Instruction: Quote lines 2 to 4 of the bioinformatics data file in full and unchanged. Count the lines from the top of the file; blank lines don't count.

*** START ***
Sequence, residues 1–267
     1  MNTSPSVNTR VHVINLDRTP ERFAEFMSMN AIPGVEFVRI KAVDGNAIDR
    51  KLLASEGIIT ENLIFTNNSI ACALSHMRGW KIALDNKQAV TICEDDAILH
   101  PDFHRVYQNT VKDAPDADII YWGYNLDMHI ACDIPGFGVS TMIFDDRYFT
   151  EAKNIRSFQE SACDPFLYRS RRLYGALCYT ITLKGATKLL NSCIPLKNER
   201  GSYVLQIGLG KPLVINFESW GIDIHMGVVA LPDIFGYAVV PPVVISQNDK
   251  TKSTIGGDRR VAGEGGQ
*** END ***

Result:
     1  MNTSPSVNTR VHVINLDRTP ERFAEFMSMN AIPGVEFVRI KAVDGNAIDR
    51  KLLASEGIIT ENLIFTNNSI ACALSHMRGW KIALDNKQAV TICEDDAILH
   101  PDFHRVYQNT VKDAPDADII YWGYNLDMHI ACDIPGFGVS TMIFDDRYFT